Wayne Beach, Ph.D.

Professor

College of Professional Studies and Fine Arts

School of Communication

Dr. Wayne Beach is Professor in the School of Communication at SDSU, Adjunct Professor, Department of Surgery, and Member of the Moores UCSD Cancer Center, University of California, San Diego. His research and teaching focus on the convergence of conversational and institutional interaction.

He has pioneered diverse studies focusing on the social organization of verbal and embodied features of everyday talk and action. A particular concern with health and illness has given rise to long-term investigations of how family members talk through cancer on the telephone, medical interviewing in primary, preventive, and oncological care, and related illness dilemmas (e.g., bulimia, obesity, chest pain, cancer diagnosis, treatment, and prognosis).

Samuel Shen, Ph.D.

Distinguished Professor

College of Sciences

Department of Mathematics and Statistics

Dr. Shen is Distinguished Professor of Mathematics and Statistics at San Diego State University and Visiting Research Mathematician at Scripps Institution of Oceanography, UCSD. He received his B.Sc. in Engineering Mechanics in 1982 from the Nanjing University of Science and Technology, and his M.A. and Ph.D. in Applied Mathematics from the University of Wisconsin-Madison in 1985 and 1987, respectively. Formerly, Dr. Shen was McCalla Professor of Mathematical and Statistical Sciences at the University of Alberta, Canada, and President of the Canadian Applied and Industrial Mathematics Society. He also held a variety of visiting positions at NASA Goddard Space Flight Center, US Climate Prediction Center, and University of Tokyo.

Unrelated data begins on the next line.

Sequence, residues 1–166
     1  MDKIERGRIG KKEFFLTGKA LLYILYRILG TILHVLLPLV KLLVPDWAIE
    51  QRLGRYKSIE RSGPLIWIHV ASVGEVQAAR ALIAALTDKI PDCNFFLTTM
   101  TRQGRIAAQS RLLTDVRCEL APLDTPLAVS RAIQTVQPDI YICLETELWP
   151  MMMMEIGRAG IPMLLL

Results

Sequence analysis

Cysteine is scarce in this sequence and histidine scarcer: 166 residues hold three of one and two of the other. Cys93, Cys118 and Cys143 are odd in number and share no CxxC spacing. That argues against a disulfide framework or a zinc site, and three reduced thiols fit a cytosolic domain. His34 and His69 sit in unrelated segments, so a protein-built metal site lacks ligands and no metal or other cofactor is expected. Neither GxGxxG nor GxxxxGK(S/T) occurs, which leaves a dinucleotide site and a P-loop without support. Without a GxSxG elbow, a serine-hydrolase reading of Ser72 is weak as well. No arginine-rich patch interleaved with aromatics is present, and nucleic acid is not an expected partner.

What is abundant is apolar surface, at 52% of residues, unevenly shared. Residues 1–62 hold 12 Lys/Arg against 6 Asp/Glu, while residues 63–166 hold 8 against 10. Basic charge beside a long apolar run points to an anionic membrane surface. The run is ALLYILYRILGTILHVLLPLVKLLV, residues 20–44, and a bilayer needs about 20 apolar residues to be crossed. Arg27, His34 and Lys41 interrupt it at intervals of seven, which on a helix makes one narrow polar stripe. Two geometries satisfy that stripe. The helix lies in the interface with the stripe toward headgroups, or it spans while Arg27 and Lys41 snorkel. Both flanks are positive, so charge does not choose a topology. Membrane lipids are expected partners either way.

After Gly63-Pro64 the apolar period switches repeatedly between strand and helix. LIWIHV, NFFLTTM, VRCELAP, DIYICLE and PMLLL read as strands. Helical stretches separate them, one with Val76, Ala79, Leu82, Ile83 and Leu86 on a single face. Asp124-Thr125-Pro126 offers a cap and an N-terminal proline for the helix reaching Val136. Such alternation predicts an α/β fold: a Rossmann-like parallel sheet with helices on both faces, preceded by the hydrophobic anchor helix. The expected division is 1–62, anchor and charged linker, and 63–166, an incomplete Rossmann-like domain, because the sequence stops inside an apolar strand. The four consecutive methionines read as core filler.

Manal A. Swairjo, Ph.D.

Associate Professor

College of Sciences

Department of Chemistry & Biochemistry

My research focuses on tRNA biogenesis processes and their links to human disease. tRNA is an ancient molecule that evolved to be the adapter between amino acids and codons, thus mediating the translation of the genetic code. The coding properties of tRNA do not reside only in its primary sequence.

Post-transcriptional nucleoside modification, particularly in the anticodon-stem loop (ASL) region of tRNA, are required for cognate and/or wobble codon recognition and translocation, they enhance aminoacylation properties of tRNA, and prevent ribosomal frameshifting.

Deficiencies in tRNA modifications cause a variety of diseases, e.g. hereditary human mitochondrial disease, and modified nucleosides serve as sensitive human cancer markers. Most significantly, modifications of the anticodon-stem loop have been implicated in viral replication as several retroviruses rely on modifications of host cell tRNA for virulence or to replicate.